Mahler’s Symphony №7 is the last of the trilogy of purely instrumental and, on its surface, abstract symphonies. His summer holidays of 1905 did not begin well. He found himself unable to decompress and compose at all, so he took off to the mountains of the Southern Tyrol to clear his head. Unfortunately, he found no respite there, and returned to his villa in Maiernigg.
He wrote later to his wife, Alma, “I plagued myself for two weeks until I sank into gloom, as you well remember, then I tore off to the Dolomites. There I was led the same dance, and at last gave it up and returned home, convinced that the whole summer was lost. You were not at Krumpendorf to meet me, because I had not let you know the time of my arrival. I got into the boat to be rowed across. At the first stroke of the oars the theme (or rather the rhythm and character) of the introduction to the first movement came into my head — and in four weeks the first, third and fifth movements were done.”
This incredible rhythm you hear at the beginning of the seventh symphony not only captures the cadence of the oar stroke, but the sound of the ripples in the water. What follows in the remaining four movements are sounds and musical forms never heard before in a symphony, from a prominent tenor horn solo, to the of a mandolin and guitar, making this perhaps the most unique of all Mahler’s compositions.
The two movements he composed first were the two Nachtmusik movements that bookmark the crazed Scherzo. As much as the symphonies 5–7 are meant not to have program behind them, these two movements identify this symphony, for me, as music of dreams. It has often been noted that there is very little, if any, relationship between the five movements, but if one considers this music of Mahler’s unconsciousness, these movements from one fantastic Freudian journey!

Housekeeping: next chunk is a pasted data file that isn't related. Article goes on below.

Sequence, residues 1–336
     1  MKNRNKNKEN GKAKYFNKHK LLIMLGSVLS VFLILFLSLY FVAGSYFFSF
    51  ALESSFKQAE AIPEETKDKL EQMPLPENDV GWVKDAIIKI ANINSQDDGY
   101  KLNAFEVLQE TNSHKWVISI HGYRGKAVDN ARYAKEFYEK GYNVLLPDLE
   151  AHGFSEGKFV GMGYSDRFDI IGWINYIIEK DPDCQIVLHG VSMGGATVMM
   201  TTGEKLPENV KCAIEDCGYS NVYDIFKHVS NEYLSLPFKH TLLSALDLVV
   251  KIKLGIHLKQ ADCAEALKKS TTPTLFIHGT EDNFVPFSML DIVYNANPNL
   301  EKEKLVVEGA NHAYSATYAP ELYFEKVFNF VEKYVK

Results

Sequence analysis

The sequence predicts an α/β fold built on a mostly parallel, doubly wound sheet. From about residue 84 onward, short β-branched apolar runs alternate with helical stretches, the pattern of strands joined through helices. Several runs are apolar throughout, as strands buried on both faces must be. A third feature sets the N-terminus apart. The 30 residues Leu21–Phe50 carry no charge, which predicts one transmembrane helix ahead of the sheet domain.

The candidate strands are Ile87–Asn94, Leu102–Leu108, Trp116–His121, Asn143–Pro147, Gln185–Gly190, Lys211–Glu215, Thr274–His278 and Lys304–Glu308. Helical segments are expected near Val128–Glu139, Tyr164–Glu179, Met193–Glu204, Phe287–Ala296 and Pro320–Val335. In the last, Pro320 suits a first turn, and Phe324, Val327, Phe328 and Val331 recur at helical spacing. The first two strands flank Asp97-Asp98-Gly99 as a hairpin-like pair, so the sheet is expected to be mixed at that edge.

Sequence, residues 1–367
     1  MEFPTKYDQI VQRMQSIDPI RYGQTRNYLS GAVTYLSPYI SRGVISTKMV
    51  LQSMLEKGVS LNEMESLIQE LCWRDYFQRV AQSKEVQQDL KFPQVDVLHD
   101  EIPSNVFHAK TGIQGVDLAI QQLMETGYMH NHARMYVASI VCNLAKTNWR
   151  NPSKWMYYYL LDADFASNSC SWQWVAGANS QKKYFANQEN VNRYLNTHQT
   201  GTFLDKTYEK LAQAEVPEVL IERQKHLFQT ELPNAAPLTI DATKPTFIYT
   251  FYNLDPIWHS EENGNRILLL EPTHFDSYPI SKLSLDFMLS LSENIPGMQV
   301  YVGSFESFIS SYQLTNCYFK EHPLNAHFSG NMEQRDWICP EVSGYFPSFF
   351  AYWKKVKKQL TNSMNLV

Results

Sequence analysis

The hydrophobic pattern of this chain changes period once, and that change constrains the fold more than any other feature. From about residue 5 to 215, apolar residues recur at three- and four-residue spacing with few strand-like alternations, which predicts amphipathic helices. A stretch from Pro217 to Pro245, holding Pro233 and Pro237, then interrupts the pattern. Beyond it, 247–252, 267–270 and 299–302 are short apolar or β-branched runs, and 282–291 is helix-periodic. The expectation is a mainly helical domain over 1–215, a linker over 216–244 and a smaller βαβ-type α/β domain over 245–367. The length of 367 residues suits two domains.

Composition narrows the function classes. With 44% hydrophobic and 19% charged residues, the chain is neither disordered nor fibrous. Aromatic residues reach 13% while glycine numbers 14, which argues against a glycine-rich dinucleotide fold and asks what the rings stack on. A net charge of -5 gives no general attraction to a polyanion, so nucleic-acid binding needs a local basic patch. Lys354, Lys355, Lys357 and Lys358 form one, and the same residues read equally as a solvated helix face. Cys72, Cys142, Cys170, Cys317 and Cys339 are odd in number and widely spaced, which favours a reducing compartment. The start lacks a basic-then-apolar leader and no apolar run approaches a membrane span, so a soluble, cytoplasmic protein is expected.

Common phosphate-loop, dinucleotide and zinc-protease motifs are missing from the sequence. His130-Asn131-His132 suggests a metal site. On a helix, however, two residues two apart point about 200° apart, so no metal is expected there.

It seems as though as Mahler’s reputation as a conductor increased, his reputation as a composer diminished. The frantic premiere and subsequent dismal reviews of his sixth symphony left him without a publisher and for the seventh, he was forced to pay out of pocket for the orchestra parts to be copied. He eventually found the small publishing firm in Leipzig, Lauterbach & Kuhn, to publish the score and parts, just weeks before the premiere in Prague. Here is a short documentary of Mahler’s Symphony №7 by the Mahler Festival Online.
The premiere took place in Prague in September 1908, and the list of luminaries at the concert was impressive: Thomas Mann, Bruno Walter, Artur Bodanzky, Otto Klemperer, Ossip Gabrilovich, Alexander von Zemlinsky, Alban Berg, and Oskar Fried. As difficult as the sixth symphony was to bring to life, the rehearsals and performance of the seventh were joyous and successful. Unfortunately, the critics didn’t agree, and even today Symphony №7 is the least performed and understood of his symphonies.
Here are my favorite performances.